Custody Issues

The prospect of any changes to our relationships with our children is, understandably, distressing. This is an issue many people face during the process of separation or divorce, when custody arrangements must be negotiated. Yet, it is important for the child’s wellbeing that a compromised plan is reached for their ongoing custody and support.

Aside from worry about the child and what it means for the future, negotiating custody can be time-consuming, entail stressful legal proceedings and fees, high conflict with the other parent, and mental health challenges. It can be difficult for you and your child to adjust to any changes in your relationships.

When the challenges associated with custody issues become especially prolonged or intense, they can lead to symptoms of common mental health conditions such as anxiety or depression. During this stressful time, it can be helpful to seek therapy for additional support.

Data from the 2016 Current Population Survey (CPS) indicates that (1):

  • More than one-quarter (around 27%) of all children under 21 years of age lived in families with only one of their parents while the other parent lived elsewhere.
  • Of these families, almost one-third were in poverty. This financial strain is an additional stressor that may contribute to mental health problems.

This data suggests that many people have to negotiate custody issues and related challenges. Divorce and separation are associated with increased anxiety and depression, and increased risk of alcohol abuse (2). Another study found that mothers who lost custody of their children were at higher risk of depression, anxiety, and substance abuse compared to mothers dealing with the death of a child (3).

Divorce and separation are also associated with higher levels of anxiety and depression in children and adolescents (4, 5). Parental mental health can also impact on the wellbeing of children, compounding their vulnerability during the process of separation and custody changes.

People react in different ways when faced with stressful situations like child custody. Some of the common mental health challenges include:  

  • Anxiety: You may feel anxious or be preoccupied with worry about your child. You may find it hard to relax or concentrate on other things.
  • Depression: Changes to your relationship with your child may leave you feeling sad, hopeless or depressed.
  • Anger: It’s common for people to feel angry and irritable when custody arrangements change. Some people feel that they have lost control of their child, or feel that decisions are unfair or unjust.
  • Stress: Custody issues are understandably stressful. People may feel tense, have difficulty sleeping, or experience other symptoms of stress.
  • Relationship problems: It’s common for custody issues to arise in the context of relationship issues, such as a separation from the other parent or custodian of the child. The separation process is not always smooth and amicable. For some, it can be a time of high conflict.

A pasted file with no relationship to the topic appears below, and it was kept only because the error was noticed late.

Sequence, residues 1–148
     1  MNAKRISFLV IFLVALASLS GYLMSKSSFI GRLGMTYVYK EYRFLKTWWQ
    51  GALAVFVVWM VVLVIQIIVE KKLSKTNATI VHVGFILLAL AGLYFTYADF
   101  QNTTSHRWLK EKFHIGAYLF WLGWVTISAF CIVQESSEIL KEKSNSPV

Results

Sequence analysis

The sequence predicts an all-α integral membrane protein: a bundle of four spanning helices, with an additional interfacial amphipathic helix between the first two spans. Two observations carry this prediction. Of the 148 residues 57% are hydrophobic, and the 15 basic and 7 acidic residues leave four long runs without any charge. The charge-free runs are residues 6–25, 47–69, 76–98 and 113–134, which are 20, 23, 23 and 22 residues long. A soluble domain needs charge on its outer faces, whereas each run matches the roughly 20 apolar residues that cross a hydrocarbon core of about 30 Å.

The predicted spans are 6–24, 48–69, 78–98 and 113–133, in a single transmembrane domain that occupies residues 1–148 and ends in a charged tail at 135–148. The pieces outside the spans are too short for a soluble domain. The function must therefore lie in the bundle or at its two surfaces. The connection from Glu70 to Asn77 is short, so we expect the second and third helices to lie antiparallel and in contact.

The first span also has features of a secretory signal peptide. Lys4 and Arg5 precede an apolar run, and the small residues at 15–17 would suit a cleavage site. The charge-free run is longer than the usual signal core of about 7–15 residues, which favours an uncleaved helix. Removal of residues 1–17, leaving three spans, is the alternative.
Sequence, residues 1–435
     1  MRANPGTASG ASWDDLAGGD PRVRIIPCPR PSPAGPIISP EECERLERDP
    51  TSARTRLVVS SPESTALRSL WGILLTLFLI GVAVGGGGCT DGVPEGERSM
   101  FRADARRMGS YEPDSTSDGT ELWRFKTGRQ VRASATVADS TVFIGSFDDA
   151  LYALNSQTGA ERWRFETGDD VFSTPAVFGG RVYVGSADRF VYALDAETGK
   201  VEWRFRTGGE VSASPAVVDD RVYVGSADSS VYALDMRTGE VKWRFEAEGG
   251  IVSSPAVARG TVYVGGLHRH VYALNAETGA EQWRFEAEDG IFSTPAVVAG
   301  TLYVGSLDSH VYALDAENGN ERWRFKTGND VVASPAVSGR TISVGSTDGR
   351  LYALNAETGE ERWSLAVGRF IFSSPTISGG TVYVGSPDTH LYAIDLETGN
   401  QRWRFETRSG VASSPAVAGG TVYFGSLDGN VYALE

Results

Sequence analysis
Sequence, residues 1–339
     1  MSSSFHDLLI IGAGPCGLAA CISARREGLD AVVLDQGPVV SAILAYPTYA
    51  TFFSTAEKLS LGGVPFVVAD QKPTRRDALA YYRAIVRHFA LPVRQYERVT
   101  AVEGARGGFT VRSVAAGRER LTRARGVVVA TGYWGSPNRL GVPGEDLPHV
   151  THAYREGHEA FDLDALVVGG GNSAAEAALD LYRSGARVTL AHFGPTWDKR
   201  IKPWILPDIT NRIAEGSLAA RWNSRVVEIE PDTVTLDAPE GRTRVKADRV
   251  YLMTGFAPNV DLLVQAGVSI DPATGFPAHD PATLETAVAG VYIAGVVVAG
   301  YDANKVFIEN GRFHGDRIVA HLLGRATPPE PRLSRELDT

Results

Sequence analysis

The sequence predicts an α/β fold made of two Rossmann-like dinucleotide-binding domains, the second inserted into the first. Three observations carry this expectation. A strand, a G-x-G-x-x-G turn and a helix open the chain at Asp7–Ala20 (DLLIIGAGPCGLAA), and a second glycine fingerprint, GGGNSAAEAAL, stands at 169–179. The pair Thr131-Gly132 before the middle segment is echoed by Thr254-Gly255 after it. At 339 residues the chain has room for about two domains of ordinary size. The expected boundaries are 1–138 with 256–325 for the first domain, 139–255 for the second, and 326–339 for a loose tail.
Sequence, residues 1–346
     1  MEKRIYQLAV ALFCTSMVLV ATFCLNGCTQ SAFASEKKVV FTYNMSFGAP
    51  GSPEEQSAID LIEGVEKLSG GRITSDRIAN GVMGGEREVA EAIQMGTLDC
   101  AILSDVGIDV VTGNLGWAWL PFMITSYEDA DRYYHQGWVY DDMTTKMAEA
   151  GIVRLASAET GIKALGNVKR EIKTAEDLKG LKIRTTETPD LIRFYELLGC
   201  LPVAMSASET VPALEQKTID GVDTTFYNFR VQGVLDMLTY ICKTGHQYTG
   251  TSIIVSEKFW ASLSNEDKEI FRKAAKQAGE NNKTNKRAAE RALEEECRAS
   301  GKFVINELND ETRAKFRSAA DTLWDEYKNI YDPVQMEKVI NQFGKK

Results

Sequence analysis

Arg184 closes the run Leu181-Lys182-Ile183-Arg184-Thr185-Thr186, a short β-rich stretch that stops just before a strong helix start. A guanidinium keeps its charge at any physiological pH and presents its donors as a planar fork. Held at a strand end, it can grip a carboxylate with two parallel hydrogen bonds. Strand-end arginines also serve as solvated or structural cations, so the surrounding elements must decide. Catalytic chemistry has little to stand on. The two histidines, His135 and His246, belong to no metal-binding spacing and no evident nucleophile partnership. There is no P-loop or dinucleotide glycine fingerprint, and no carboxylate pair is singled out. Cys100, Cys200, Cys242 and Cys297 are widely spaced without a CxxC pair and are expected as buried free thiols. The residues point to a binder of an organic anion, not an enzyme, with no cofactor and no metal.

• Social withdrawal: Some people tend to pull back from family and friends when going through periods of high stress.
  • Guilt: You may feel guilty, shame, or like you are to blame for the situation.
  • Identity and sense of self: Your relationship with your child may change by varying degrees, which can cause a change in your identity.

Types of custody issues

  • Divorce or separation: It’s not uncommon for custody of a child to become an issue that arises during the process of separation or divorce. You can read more about challenges related to separation or divorce here.
  • Conflict with the other parent or custodian of the child: It is common for there to be conflict between parents/custodians regarding what will be best for the child. Understandably, it is upsetting for a parent to be separated from their child.
  • Going through legal proceedings to determine custody of the child: This can be time-consuming, confusing, costly, and stressful for both you and your child.
  • The wellbeing of the child: Changes in custody, time with parents, relationships, living arrangements, and moving are all issues that impact on the mental health of children too. It can be a particularly stressful and confusing time for children.
  • Balancing other responsibilities with legal proceedings: It can be stressful to be balancing the demands of everyday life with negotiating custody arrangements and any legal proceedings.
  • Adjusting to loss or reduced custody: Any major changes or stressful events are likely to involve intense emotions. It takes time for us to adjust.
  • Noncompliance with custody requirements: Occasionally, one party may not comply with court-mandated custody arrangements. This can cause stress and requires time to problem solve and resolve without causing additional distress to the child.
  • Communicating with the other parent or custodian of the child: Particularly if a divorce or separation has not been amicable, communicating with the other parent can be distressing. It’s important for parents to communicate and cooperate to some extent. For example, often both parents need to be involved in making decisions about the child’s future.